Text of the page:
The influence of contact force on forensic trace collection efficiency when sampling textiles with adhesive tape

Selma Damsteeg-van Berkel, Fleur Beemster, Jenny Dankelman, Arjo J. Loeve

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Abstract

Purpose: DNA is a highly valuable lead to identify people who were possibly involved in a crime. Even by small contact events, minute amounts of DNA (‘trace DNA’) can be transferred from a DNA source to an evidentiary item, which can be enough for a successful DNA analysis. The focus of this research is to get more insight in the collection of trace DNA from textiles by ‘stubbing’, which is a tape-lifting method using double-sided tape placed on a stub. The relation between the ‘stubbing force’ (the normal force that is applied during stubbing) and the collection efficiency of microspheres is investigated. Methods: Microspheres (Ø25 μm) were used as mock traces to mimic DNA-containing micro-traces. The particles were applied to textile substrates in a suspension of ethanol that was left to evaporate before sampling. Experiments were performed on three different polyester substrates. Traces were collected by stubbing while using 5 different stubbing forces. The number of microspheres placed on each substrate was counted before sampling and all stub-tapes were analysed after sampling to count how many of the microspheres were picked up, both by using stitched images from a digital light microscope. Custom-made image recognition software was used to automatically count the microspheres. Results: On all tested polyester substrates, the mean efficiency of the collection of microspheres increased with increasing stubbing force in a concave down increasing function. The increase of collection efficiency stagnated around 3–12 N, depending on the substrate material. The theoretical maximum collection efficiencies varied between 38% and 78%, depending on substrate material as well. Conclusions: Stubbing with a force higher than 12 N does not notably influence the collection efficiency from the variety of textiles that were tested. However, because the theoretical maxima of the collection efficiencies were far from 100%, it is highly likely that stubbing multiple times on the same spot of a substrate increases the total collection efficiency. The gained knowledge will help to standardize and improve the effectiveness of stubbing.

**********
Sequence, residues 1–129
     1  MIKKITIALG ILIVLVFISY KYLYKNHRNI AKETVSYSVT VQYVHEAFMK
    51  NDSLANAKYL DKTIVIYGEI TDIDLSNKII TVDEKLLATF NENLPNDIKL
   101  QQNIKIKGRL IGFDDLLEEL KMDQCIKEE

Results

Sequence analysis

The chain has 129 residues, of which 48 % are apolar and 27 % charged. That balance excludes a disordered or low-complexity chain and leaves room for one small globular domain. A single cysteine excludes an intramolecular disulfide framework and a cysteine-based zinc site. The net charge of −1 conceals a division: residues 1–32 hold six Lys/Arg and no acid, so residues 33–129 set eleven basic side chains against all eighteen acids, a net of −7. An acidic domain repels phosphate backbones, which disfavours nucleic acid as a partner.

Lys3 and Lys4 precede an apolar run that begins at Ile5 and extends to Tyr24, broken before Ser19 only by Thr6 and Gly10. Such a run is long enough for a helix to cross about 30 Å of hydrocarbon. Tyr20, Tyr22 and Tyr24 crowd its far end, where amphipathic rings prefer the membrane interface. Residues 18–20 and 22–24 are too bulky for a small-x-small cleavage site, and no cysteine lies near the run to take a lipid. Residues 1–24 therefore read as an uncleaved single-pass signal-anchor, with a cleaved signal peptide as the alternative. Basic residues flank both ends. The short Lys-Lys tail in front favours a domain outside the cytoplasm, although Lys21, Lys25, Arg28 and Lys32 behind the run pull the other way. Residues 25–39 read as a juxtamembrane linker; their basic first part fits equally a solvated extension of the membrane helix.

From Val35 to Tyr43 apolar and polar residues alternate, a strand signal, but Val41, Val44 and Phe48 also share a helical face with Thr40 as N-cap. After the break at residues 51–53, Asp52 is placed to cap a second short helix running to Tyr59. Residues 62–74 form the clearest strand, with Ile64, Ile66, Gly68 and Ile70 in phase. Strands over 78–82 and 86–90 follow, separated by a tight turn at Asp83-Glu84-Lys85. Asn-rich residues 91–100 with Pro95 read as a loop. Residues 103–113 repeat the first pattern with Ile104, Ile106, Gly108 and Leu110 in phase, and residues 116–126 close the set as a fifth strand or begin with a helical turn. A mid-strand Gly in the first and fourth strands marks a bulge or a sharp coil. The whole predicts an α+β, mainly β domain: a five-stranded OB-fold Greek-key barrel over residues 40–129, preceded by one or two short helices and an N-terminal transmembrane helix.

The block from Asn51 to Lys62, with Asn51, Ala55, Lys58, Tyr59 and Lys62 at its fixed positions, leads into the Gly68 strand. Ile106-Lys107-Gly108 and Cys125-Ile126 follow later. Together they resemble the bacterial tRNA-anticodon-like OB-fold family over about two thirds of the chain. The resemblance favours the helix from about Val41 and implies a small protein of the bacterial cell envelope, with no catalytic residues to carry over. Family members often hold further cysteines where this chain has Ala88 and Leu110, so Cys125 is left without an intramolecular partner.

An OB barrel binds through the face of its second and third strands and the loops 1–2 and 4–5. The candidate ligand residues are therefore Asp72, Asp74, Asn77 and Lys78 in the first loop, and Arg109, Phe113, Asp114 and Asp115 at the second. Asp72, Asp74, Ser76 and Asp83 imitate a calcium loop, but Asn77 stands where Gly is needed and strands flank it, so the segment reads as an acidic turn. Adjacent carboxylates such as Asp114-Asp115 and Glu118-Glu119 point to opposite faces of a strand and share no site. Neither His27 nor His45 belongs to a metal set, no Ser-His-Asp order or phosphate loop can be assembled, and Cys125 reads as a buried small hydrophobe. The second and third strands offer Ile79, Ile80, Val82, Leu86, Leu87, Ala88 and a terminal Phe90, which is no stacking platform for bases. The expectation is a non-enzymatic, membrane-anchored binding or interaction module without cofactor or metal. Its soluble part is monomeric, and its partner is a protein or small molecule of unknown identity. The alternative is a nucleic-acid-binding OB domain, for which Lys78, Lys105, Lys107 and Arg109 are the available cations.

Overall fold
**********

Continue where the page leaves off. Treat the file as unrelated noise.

Original languageEnglish
Pages (from-to)278-283
JournalForensic Science International
Volume298
DOIs
Publication statusPublished - 2019

Keywords

  • Adhesive tape
  • Contact force
  • DNA
  • Micro-traces
  • Stubbing
  • textile

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